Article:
Seattle students walk out in response to shooting at Ingraham HS; demand safety changes

Hundreds of Seattle students walked out of class Monday and gathered outside City Hall to demand leaders to take action in keeping them safe at schools. 

This is in response to last week's shooting at Ingraham High School that left one student dead. Two teens were arrested in connection with the shooting. 

The district-wide student walk-out was put on by the Seattle Student Union.

During Monday's rally, students demanded increased funding for more school counselors dedicated to behavioral health and other safety resources

"The thing is that kids, unless they are in a situation where they do not know how to handle their emotions, or they feel like they're not being heard, or they don't know how to regulate relationships, they react in ways based off of emotion. That's what happened on Tuesday," said Amelia Payne-Garcia, a 2022 Ingraham High School graduate who participated in the walkout. 

Students organized this city-wide walkout monday morning, demanding several changes, including, according to social media posts, an increase in counselors and one dedicated staff member for every 200 students. They are also calling for an updated curriculum that would require passing a new mental health and wellness course to be able to graduate and want an increased security presence at their schools, calling for more dedicated people trained in de-esclation.

However, a majority of students said they don’t want armed officers in the school.

"Well, we just don’t want cops. Cops are not the solution," one student said.

Another said, "…an overwhelming response is that students have wanted more security, but unarmed, we want more security. but we don't want any guns, no police anywhere near us, because that just makes students feel unsafe..."

"We need counselors that specialise in mental health and in diverse backgrounds. They come into the schools and they help the students rather than armed police officers, because we have seen statistics that armed police officers do not help. They do not help the students, at all," senior Rory told FOX 13.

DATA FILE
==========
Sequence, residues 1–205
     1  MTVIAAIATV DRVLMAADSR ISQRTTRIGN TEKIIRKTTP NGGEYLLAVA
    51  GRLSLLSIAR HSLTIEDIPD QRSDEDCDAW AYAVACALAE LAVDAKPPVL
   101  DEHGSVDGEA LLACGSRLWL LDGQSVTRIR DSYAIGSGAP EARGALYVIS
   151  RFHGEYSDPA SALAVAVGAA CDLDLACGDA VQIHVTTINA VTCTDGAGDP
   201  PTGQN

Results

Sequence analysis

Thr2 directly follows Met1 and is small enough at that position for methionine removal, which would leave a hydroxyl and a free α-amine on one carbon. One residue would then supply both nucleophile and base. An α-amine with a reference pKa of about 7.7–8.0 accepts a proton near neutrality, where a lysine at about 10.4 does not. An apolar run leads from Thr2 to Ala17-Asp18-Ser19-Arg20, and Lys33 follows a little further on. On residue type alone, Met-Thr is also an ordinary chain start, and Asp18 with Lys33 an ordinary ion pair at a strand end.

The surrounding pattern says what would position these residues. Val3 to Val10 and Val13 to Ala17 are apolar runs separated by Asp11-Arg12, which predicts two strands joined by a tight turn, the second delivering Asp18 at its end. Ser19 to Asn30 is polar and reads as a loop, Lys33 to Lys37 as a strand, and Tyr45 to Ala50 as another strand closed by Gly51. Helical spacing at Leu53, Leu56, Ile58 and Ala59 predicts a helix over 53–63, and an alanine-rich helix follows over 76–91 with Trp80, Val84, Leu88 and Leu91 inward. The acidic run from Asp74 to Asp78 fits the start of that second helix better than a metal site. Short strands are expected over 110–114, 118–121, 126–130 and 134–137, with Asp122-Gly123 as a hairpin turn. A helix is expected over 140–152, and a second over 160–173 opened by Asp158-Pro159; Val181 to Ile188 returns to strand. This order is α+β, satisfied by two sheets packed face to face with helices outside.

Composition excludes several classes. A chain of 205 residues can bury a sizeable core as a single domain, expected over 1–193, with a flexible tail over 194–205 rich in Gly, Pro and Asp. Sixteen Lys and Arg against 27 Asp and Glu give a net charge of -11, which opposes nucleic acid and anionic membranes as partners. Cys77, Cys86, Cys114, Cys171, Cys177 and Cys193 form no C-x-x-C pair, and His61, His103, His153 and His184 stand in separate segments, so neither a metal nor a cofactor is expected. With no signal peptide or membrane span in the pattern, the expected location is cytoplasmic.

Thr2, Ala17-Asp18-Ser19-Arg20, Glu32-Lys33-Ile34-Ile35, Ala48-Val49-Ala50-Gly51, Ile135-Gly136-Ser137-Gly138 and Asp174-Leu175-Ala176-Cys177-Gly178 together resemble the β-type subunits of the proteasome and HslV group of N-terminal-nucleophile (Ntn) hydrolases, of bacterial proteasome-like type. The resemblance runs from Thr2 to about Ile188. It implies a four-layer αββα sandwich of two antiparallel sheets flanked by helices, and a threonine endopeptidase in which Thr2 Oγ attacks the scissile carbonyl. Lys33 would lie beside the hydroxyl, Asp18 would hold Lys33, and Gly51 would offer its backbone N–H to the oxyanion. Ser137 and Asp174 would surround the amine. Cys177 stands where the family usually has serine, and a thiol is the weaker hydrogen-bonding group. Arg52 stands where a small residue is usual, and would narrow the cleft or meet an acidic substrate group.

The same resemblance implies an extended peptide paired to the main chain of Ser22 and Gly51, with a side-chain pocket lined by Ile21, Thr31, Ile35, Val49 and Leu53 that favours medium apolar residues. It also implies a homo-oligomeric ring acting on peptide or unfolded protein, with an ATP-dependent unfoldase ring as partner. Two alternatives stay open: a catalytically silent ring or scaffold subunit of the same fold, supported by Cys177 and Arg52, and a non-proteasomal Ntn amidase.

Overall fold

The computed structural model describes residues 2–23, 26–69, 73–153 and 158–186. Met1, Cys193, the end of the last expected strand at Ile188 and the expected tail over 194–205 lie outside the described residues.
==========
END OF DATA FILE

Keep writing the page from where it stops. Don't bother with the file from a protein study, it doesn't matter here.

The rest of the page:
The Seattle school district released this statement on the demonstration: 

"Seattle Public Schools welcomes student voice. It is fully understandable that students, families and staff are deeply concerned about safety, and we recognize the increased fear and anxiety as a result of the tragic, senseless circumstance at Ingraham High School last Tuesday.

Since Tuesday, the SPS Health Services team has been working with school leaders to provide our students and staff with support. It is essential that our schools – starting with Ingraham High – are safe and healthy learning and teaching environments.

Today, additional counselors and social workers will be at the school. Additional security will be provided on the school campus. While Ingraham will follow its regular bell schedule, educators will be available for students during the morning classes to discuss their experience.

'"I am ready to do the work, alongside you, to make a tragedy such as this never happens again," said SPS Superintendent Brent Jones. "Seattle Public Schools is dedicated to providing a safe, welcoming learning environment for our students, families, educators and staff.'

Supporting student and staff wellness has been and will remain the highest priority.

At Ingraham, students are returning to reclaim their learning space. Principal Martin Floe, school staff, and district teams have provided a supportive, safe space while giving the school community time to heal."